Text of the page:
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Prepare for apple maggots

Apple maggot.  Note the black banding and white
spot.  Photo: University of Minnesota Extension
While early July means different things to different people, if you are an apple grower, it reminds you that this is the beginning of apple maggot season in Minnesota. This pest spends the winter as pupae in the soil and begins to emerge as adults starting about July 1.

Why are they are pests?
Apple maggot is the most important apple pest
in the state and damages apples in a couple of ways. First, the adult females injure apples as they lay their eggs. Their sharp ovipositor punctures the skin, giving apples a less attractive, dimpled look.

The most serious damage occurs when the larvae tunnel through the apples. Their feeding injures the  flesh, causing brown streaks. These damaged areas become soft and rot, causing apples to become lumpy and misshapen.

Can you protect your apples without insecticides?
A great method to protect your apples nonchemically is to bag them. Use sandwich bags or similar plastic bags. Once you put the bags over the apples, zip it up, tie it, or staple it to close them. Cut the bottom corners off each bag so there is a small opening for water to run out. Leave the bags on the apples during the growing season and remove them when you are ready to harvest your apples.
Bagging apples is a great nonchemical
method to fight apple maggots. 
Photo: Jeff Hahn, UMN Extension

This method is labor intensive and takes time but each bagged apple is protected from apple maggots for the entire season. This is easier to do if your trees are small or medium sized; bag as many apples as you can from the ground or from a short ladder.


Trap them out
Another non-chemical method is to hang sticky traps in your trees. These traps are round, a little larger than an actual apple and colored red or black, making them (hopefully) more attractive than real apples. When apple maggots land on these spheres, which are coated with a sticky glue, they become stuck and die.

Hang about five traps in an average sized tree. You can buy traps from a garden store or online or make your own. Make sure to periodically clean these traps as they do fill up with all kinds of insects. Trapping as the sole management method is less effective than bagging or insecticides.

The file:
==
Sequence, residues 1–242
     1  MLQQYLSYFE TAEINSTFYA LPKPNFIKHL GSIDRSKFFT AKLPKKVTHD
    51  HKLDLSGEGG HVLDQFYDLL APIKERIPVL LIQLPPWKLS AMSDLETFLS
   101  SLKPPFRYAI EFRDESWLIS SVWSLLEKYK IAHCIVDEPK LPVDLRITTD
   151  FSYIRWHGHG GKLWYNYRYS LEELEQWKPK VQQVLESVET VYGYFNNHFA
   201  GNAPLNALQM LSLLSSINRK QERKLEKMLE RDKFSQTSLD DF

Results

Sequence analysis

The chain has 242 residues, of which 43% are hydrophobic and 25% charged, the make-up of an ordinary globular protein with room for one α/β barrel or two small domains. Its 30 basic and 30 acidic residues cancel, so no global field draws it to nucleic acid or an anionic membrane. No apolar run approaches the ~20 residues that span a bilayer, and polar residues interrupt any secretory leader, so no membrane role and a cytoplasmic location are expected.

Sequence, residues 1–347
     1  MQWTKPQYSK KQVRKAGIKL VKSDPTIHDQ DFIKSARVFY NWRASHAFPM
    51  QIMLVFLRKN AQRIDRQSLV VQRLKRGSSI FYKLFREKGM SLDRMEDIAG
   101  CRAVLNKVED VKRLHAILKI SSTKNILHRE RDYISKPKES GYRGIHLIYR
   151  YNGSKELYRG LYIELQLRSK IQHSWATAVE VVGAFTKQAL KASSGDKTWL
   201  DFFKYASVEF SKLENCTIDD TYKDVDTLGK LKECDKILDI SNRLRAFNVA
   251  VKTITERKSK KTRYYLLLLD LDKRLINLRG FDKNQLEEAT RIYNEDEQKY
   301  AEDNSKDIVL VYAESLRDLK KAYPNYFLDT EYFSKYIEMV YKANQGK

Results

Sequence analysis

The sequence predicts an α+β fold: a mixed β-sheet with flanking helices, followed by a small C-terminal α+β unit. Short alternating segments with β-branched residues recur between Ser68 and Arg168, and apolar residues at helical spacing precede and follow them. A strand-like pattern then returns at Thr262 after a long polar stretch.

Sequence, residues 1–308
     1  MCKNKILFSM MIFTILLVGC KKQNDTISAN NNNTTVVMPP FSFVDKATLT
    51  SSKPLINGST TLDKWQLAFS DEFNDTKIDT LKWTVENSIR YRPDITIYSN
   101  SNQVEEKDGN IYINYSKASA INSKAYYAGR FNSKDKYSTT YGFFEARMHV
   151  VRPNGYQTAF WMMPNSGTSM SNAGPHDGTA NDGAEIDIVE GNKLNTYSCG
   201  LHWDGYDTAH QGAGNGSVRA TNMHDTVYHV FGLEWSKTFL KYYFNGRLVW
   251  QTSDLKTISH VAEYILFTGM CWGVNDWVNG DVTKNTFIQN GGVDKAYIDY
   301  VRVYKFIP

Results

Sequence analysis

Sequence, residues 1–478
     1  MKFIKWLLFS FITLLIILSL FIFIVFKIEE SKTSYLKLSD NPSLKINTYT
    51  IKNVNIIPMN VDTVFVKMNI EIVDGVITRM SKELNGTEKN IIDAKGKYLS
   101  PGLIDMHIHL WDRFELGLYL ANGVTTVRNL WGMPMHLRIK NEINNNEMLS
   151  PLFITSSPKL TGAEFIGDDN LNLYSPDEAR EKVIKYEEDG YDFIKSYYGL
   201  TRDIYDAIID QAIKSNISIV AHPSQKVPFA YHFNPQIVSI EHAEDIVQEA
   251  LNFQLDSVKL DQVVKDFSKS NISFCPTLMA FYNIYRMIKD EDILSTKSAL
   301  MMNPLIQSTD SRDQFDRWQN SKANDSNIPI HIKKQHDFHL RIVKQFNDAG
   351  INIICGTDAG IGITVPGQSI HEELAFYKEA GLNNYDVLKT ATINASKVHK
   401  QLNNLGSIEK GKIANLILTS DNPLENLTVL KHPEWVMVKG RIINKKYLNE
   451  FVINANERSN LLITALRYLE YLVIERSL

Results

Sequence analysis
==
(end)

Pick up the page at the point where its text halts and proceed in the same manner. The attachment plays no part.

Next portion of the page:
* Bag your apples or hang your traps by July 1. *


What insecticide options are there?
There are a couple of methods for treating your trees.  The first is to monitor for apple maggots and spray when they are detected.

To know when apple maggots are present in your orchard, hang a single sticky trap in the tree by July 1. Check the trap regularly for apple maggots. Make sure you can correctly identify an apple maggot as other flies can be stuck on the trap. Apple maggots have distinctive black banding on the wings and a white spot on its abdomen near the thorax.
You can use traps to tell you when apple maggots
are present.  Photo:  Jeff Hahn, UMN Extension

Once you have a confirmed one apple maggot on the trap (without a lure), spray your trees. If you are using a lure, then wait until you have caught five apple maggots. Continue to monitor and treat when apple maggots are present (Note: be sure not to treat any more frequently than directed by the pesticide label).

Another option is to treat apple maggots on a regular schedule, once every 10 - 14 days starting July 1. This method is the most effective, but it also uses more insecticide.

Effective insecticides include spinosad, permethrin, lambda cyhalothrin, and carbaryl. Make sure the product you wish to use is labeled for apples.

For more information, see Apple maggots in home orchards

Author: Jeff Hahn, Extension Entomologist
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